The interfacing doesn’t necessarily need to be real-time, but for most hotel companies, it is a one-to-many relationship with a single CRS talking to many property-based PMS platforms. But most hotel companies of consequence have multiple different PMS platforms in use, most of those with multiple versions. And if the hotel company has multiple CRS systems active, which is typical during a transition, the level of complexity expands geometrically. All of the message formats need to be transformed and synchronized across multiple platforms, requiring great discipline in controlling the interfaces.
Then we have the interfaces with external partners, where the hotel company has less control. Less control means more risk. These interfaces might include:
- credit card partners;
- points-transfer partners; or
- other travel product vendors.
Interface end-points that are outside the direct control of the hotel company are a huge area of potential fragility in an already complex loyalty ecosystem.
The same guest might forget that they joined and then join again. Ultimately, they realize it—probably because you sent them a “Stay before your points expire!” reminder—and want you to combine their profiles. But often the details in the profiles differ, so identifying which details get transferred to the surviving profile becomes challenging for a system to determine with any high degree of accuracy.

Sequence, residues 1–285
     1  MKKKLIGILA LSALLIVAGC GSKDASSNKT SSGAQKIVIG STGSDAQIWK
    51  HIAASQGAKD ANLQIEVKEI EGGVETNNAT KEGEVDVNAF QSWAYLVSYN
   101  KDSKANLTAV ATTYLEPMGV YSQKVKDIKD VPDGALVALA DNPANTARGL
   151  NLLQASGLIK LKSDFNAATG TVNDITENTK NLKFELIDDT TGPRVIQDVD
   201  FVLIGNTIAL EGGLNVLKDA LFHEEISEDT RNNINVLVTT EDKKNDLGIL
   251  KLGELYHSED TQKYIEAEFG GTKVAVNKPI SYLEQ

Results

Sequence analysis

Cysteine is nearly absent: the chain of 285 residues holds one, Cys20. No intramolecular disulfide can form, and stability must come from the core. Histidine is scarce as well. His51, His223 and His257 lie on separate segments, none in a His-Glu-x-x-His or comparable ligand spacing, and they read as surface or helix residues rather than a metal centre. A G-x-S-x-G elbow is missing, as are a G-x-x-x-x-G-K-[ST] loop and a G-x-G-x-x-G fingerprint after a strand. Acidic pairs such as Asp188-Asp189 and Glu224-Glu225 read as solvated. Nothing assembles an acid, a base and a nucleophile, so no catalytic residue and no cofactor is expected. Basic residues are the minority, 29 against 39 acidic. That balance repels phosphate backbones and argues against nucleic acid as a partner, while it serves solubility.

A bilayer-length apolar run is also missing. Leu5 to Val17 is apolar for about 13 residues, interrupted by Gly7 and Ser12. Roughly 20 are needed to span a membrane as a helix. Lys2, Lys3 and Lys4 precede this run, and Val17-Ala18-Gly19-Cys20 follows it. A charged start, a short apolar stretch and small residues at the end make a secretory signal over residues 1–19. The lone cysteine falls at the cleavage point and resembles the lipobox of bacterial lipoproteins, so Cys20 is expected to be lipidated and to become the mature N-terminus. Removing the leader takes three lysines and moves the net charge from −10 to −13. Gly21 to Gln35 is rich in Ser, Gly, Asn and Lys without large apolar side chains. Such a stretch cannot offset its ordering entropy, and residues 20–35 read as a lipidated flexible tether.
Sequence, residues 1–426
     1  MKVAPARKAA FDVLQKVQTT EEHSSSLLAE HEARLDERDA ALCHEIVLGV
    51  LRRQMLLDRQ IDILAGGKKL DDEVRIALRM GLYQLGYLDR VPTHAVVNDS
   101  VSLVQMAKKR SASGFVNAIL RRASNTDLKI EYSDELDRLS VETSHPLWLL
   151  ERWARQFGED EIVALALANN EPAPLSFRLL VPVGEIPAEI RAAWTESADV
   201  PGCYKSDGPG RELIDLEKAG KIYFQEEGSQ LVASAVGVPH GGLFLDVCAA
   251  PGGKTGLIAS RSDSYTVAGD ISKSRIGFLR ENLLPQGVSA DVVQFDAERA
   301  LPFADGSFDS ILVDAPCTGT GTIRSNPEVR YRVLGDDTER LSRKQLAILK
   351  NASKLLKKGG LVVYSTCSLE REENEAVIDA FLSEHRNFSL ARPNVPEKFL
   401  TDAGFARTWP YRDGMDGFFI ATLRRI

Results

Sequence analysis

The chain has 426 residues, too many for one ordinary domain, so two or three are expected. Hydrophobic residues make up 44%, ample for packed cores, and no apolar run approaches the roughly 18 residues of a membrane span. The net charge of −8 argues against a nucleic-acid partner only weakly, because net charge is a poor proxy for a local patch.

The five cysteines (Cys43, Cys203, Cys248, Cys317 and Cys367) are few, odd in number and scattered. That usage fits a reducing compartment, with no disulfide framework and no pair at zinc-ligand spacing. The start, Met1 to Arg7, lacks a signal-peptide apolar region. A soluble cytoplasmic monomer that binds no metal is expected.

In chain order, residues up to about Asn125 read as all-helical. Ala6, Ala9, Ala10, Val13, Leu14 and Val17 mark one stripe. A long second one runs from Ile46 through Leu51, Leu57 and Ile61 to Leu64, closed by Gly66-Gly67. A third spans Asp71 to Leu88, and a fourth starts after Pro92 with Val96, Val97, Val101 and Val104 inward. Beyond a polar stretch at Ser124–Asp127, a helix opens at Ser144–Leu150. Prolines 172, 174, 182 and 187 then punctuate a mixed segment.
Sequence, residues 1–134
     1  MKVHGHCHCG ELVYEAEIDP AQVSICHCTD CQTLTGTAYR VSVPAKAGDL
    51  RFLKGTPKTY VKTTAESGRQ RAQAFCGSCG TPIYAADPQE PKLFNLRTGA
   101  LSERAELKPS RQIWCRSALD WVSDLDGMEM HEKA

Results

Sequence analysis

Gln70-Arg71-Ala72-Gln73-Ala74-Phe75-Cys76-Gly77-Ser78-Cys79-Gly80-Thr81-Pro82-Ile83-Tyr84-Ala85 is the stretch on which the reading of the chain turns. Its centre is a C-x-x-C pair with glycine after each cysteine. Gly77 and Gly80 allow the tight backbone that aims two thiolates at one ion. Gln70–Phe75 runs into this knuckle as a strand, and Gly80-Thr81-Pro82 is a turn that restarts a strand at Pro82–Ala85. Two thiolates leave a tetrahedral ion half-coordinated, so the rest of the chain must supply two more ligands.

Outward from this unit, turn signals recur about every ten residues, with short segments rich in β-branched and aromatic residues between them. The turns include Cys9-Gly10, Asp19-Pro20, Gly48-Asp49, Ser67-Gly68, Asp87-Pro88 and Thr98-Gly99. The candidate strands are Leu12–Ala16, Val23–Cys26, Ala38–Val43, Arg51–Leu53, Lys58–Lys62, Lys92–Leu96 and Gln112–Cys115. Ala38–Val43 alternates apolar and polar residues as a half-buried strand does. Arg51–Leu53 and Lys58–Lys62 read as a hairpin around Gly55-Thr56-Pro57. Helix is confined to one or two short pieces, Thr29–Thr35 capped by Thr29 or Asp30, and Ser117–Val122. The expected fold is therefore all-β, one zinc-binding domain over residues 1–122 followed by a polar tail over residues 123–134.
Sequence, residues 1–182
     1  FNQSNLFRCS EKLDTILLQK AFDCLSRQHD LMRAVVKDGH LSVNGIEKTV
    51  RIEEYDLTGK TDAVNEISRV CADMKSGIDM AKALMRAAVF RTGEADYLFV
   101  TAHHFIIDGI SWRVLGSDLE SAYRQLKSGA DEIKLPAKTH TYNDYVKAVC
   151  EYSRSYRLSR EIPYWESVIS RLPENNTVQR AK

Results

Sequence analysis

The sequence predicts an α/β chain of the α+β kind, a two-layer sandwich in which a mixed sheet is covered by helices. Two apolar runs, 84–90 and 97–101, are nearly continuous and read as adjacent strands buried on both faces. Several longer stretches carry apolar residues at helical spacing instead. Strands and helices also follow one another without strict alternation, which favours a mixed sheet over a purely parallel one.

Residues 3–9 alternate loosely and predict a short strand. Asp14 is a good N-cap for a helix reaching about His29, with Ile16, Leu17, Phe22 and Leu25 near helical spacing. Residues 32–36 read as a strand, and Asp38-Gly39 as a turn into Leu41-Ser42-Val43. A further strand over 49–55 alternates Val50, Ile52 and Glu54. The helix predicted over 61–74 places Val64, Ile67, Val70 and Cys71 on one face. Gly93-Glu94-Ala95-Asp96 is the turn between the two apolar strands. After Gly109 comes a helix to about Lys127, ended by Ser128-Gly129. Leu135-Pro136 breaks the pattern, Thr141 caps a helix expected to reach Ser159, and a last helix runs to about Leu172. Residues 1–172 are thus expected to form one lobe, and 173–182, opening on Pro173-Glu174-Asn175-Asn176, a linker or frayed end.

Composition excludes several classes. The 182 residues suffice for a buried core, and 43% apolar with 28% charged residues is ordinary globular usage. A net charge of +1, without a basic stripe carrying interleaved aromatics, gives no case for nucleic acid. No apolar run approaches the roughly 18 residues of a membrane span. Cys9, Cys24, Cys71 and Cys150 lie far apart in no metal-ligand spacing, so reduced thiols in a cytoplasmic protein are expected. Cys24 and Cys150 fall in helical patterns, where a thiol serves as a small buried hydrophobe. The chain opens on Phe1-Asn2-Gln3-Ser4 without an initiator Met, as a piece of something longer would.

Additionally, do you need to build your merge process so you can un-merge? Do you need automated matching to associate a reservation with no membership ID with a valid membership? What is the risk of making an error on that automated match process and associating Mr. Smith’s reservation with Mr. Smithy’s membership? And once you have merged a duplicate profile, how to you syndicate the results of that merge event out to all other systems in the ecosystem?
You get the idea and see the traps for the technologically unwary.
Closely related to the automated match-and-merge challenge discussed above, we have the concept of identity management. Typically, a collection of application modules somewhat separate from the loyalty application itself, these tools:
- validate usernames and passwords;
- associate the username with the member profile;
- ensure that password standards are met; and
- manage the “forgot password,” “challenge questions” and “change password processes.”
All fall into the category of “interfaces under hotel company control,” which is great, but if the identity management system fails at any point, loyalty members simply cannot access their accounts, and it is not a pretty thing to recover from.
Hopefully, we have illustrated some of the fiendish complexity required to stand up a loyalty program and keep it running. No wonder they break!
Mark Haley and Mark Hoare are Partners with Prism Hospitality Consulting, a boutique consulting firm servicing the global hospitality industry in technology, distribution and Loyalty strategies. For more information, please visit https://prismhospitalityconsulting.com.